Tuesday, January 24, 2017

This post is brought to me by the Number Six


+Time: 20110124, exactly six years ago at this early morning moment as family and friends look at each other in the outer waiting room, I am in a high wide corridor lying on a gurney under warm blankets watching hurried activity as my OR team prepares my space. Outside, the Cleveland winter is bitter cold, and this hallway quite chilly, but I am snug and warm, clutching my bottle of nitrostat. Not in the least nervous, perhaps because of pre-op sedative, I actually think I am alert. And I have my dreams ready. 

Placing my ThriftBooks order for two cheap books a friend recommended for my sabbatical reading, I saw the shipping charge was like five bucks, more than twice the price of either used book, but noticed a flag saying if I spent another three bucks, shipping was free. That must be the new math, so I browsed the religious section even though I’m neither spiritual nor, and came upon The Sunflower: On the Possibilities and Limits of Forgiveness. A hero’s name, Simon Wiesenthal, on the cover was all it took. The books have been shipped and may arrive today or tomorrow, but in the meantime here’s an online synopsis that gives an idea why I thought The Sunflower might be healthy preLent discipline or prescription for a bitter mind and shattered soul:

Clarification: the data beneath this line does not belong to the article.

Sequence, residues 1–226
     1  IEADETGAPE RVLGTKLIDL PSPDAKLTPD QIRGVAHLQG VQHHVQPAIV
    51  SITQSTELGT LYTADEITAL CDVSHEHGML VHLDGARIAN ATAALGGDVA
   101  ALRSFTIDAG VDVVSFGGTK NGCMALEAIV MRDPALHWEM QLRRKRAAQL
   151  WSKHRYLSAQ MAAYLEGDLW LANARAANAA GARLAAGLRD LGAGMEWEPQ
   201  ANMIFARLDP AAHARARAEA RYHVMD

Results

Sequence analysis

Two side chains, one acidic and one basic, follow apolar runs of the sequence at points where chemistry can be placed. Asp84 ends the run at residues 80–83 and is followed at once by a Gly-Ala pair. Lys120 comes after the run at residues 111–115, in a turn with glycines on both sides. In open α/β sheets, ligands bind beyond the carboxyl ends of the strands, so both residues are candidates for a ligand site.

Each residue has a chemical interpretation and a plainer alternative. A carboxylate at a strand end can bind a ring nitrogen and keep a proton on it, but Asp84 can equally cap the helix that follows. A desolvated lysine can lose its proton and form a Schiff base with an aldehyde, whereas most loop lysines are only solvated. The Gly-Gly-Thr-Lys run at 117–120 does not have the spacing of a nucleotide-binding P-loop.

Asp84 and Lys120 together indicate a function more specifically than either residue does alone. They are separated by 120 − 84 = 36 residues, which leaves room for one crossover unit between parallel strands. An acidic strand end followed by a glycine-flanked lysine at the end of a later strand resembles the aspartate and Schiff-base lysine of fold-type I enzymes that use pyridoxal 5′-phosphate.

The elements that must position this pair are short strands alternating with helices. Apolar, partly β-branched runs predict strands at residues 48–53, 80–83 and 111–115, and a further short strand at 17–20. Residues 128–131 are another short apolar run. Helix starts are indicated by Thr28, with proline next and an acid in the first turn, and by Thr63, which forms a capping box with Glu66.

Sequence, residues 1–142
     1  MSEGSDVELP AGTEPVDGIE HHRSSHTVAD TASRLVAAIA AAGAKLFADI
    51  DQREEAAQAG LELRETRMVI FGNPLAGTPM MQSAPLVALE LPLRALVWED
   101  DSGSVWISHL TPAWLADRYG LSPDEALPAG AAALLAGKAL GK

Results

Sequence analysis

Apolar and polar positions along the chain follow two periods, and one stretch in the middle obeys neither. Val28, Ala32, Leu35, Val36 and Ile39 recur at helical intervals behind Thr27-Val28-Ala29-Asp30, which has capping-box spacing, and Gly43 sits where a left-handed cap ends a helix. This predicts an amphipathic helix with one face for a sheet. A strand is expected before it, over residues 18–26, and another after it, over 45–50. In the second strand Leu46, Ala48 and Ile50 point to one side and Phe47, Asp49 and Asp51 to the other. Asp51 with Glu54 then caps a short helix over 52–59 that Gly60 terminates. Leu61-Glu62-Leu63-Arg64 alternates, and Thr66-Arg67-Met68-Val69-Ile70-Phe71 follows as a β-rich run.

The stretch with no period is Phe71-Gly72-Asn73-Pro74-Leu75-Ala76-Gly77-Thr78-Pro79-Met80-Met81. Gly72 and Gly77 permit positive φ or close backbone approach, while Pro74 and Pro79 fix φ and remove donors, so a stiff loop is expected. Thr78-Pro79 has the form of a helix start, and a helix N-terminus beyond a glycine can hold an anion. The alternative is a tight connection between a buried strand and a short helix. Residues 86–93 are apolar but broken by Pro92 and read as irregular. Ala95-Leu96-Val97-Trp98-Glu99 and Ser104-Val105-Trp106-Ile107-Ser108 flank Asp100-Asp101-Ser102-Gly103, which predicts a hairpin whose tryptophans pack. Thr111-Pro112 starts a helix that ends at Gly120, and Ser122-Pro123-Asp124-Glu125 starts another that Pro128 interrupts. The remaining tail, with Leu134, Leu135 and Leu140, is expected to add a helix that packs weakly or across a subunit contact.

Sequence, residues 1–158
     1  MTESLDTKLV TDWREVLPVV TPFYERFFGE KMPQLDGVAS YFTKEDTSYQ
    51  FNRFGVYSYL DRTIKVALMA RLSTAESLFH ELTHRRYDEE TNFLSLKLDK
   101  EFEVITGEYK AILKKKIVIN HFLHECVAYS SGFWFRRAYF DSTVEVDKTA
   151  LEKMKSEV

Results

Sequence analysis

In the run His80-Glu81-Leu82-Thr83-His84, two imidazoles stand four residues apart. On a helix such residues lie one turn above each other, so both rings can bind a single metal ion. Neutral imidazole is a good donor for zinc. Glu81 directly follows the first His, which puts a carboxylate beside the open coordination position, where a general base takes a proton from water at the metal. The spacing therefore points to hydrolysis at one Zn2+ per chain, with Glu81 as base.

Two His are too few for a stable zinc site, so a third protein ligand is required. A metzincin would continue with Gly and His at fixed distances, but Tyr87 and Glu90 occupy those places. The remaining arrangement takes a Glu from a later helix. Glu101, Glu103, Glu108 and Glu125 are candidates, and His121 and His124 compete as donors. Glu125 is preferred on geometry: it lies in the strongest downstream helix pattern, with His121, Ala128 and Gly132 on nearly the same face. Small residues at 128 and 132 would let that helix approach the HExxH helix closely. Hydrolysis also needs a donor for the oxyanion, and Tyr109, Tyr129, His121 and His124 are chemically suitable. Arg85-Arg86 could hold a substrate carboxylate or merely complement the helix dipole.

“While imprisoned in a Nazi concentration camp, Simon Wiesenthal was taken one day from his work detail to the bedside of a dying member of the SS. Haunted by the crimes in which he had participated, the soldier wanted to confess to--and obtain absolution from--a Jew. Faced with the choice between compassion and justice, silence and truth, Wiesenthal said nothing. But even years after the war had ended, he wondered: Had he done the right thing? What would you have done in his place? In this important book, fifty-three distinguished men and women respond to Wiesenthal's questions. They are theologians, political leaders, writers, jurists, psychiatrists, human rights activists, Holocaust survivors, and victims of attempted genocides in Bosnia, Cambodia, China and Tibet. Their responses, as varied as their experiences of the world, remind us that Wiesenthal’s questions are not limited to events of the past. Often surprising and always thought provoking, The Sunflower will challenge you to define your beliefs about justice, compassion, and human responsibility.”